There's now also the #puppetboard channel on Freenode where we hang out and answer questions related to pypuppetdb and Puppetboard.

Third party

Some people have already started building things with and around Puppetboard.

Hunter Haugen has provided a Vagrant setup:

Spencer Krum created a Puppet module to install Puppetboard with:

You can install it with:

puppet module install nibalizer-puppetboard

Contributing

We welcome contributions to this project. However, there are a few ground rules contributors should be aware of.

License

This project is licensed under the Apache v2.0 License. As such, your contributions, once accepted, are automatically covered by this license.

Commit messages

Write decent commit messages. Don't use swear words and refrain from uninformative commit messages as 'fixed typo'.

The preferred format of a commit message:

docs/quickstart: Fixed a typo in the Nodes section.

If needed, elaborate further on this commit. Feel free to write a
complete blog post here if that helps us understand what this is
all about.

Fixes #4 and resolves #2.

If you'd like a more elaborate guide on how to write and format your commit messages have a look at this post by Tim Pope.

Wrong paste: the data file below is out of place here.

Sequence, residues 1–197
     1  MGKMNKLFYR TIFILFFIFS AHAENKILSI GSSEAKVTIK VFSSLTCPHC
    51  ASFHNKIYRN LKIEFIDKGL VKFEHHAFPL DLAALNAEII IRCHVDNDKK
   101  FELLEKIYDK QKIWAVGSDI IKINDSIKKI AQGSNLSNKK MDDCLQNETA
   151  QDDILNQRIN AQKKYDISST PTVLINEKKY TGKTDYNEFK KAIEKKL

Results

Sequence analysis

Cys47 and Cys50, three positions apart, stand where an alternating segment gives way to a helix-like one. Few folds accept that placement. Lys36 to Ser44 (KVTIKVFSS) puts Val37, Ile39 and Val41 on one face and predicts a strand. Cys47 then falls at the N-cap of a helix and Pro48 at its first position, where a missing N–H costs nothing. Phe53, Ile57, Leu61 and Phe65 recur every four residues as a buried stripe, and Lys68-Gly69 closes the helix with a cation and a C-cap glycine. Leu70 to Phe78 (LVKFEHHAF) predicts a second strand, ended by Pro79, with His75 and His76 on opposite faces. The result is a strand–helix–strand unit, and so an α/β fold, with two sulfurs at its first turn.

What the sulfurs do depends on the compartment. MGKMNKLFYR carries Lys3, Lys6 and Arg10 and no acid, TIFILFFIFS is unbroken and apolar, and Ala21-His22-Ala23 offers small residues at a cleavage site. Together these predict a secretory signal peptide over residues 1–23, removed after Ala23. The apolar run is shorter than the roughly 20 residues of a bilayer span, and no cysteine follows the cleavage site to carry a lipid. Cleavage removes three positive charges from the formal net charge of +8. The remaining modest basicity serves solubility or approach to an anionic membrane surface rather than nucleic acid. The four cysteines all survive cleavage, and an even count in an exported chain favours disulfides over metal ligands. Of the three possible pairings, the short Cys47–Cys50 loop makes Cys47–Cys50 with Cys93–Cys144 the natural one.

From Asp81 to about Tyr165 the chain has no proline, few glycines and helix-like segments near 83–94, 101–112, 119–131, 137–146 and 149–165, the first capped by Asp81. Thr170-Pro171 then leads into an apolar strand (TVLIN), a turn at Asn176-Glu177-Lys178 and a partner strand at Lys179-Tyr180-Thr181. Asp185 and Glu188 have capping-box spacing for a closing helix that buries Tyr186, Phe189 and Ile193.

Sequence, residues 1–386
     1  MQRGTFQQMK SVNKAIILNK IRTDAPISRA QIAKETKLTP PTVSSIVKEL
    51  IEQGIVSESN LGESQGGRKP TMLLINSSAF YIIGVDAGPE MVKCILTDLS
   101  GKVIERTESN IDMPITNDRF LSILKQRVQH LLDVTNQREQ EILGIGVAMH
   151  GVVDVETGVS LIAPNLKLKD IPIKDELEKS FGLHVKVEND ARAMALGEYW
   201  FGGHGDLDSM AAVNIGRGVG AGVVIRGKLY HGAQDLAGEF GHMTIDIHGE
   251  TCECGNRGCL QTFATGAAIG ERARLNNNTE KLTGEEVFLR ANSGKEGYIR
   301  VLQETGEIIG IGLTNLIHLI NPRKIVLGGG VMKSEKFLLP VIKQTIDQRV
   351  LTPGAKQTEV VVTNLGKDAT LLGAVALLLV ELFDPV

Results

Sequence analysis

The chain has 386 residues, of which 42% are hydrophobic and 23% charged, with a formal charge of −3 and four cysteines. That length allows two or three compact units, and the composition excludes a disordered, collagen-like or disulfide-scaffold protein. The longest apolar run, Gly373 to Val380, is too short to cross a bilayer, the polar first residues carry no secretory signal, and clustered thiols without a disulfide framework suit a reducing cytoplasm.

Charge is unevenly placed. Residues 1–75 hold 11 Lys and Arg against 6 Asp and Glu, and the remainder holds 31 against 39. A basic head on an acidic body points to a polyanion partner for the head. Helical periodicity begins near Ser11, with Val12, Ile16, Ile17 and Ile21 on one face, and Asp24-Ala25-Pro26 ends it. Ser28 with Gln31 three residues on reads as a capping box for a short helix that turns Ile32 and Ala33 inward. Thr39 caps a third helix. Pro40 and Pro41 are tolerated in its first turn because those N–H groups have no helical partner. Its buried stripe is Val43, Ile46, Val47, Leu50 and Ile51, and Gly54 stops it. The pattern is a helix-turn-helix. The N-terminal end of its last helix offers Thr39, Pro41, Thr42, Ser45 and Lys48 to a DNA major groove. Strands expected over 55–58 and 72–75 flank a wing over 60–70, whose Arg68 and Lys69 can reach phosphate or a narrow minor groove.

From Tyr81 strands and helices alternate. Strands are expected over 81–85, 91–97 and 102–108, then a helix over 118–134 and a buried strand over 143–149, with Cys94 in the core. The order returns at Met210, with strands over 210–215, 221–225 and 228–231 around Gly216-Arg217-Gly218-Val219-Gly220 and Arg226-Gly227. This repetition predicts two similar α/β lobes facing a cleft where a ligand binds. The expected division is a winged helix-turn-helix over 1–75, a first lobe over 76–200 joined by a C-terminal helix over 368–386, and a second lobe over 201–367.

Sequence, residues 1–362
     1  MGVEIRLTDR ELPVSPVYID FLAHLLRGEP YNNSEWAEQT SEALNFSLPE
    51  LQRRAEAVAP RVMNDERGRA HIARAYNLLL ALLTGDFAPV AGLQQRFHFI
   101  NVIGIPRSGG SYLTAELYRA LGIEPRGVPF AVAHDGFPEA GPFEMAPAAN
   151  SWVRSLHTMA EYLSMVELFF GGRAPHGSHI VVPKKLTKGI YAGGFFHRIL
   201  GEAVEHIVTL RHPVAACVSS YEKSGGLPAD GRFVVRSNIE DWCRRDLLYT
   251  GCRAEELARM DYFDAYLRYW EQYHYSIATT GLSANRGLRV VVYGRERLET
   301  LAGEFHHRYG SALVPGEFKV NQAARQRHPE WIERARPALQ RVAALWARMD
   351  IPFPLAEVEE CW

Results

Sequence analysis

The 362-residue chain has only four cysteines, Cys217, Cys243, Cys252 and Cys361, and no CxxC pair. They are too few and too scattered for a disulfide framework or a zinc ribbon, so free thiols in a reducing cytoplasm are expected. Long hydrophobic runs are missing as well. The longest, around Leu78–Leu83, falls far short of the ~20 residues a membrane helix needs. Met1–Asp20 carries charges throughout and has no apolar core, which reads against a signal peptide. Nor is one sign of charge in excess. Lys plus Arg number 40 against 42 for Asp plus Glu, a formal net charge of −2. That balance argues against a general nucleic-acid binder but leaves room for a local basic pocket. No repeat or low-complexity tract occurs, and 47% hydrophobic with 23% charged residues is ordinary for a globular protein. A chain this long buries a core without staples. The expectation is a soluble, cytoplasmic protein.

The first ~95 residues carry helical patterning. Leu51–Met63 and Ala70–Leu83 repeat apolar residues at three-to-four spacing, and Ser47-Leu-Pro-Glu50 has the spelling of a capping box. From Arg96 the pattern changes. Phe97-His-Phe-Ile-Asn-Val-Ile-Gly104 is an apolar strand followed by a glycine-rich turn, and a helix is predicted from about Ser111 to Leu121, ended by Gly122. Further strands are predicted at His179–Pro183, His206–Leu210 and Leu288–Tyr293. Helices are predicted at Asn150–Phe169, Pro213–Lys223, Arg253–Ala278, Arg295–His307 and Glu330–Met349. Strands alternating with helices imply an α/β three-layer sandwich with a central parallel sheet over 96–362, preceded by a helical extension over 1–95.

Changelog

This is the changelog for Puppetboard.

0.0.4

  • Fix the sorting of the different tables containing facts.
  • Fix the license in our setup.py. The license shouldn't be longer than 200 characters. We were including the full license tripping up tools like bdist_rpm.

0.0.3

This release introduces a few big changes. The most obvious one is the revamped Overview page which has received significant love. Most of the work was done by Julius Härtl. The Nodes tab has been given a slight face-lift too.

Other changes:

  • This release depends on the new pypuppetdb 0.1.0. Because of this the SSL configuration options have been changed:
    • PUPPETDB_SSL is gone and replaced by PUPPETDB_SSL_VERIFY which now defaults to True. This only affects connections to PuppetDB that happen over SSL.
    • SSL is automatically enabled if both PUPPETDB_CERT and PUPPETDB_KEY are provided.
  • Display of deeply nested metrics and query results have been fixed.
  • Average resources per node metric is now displayed as a natural number.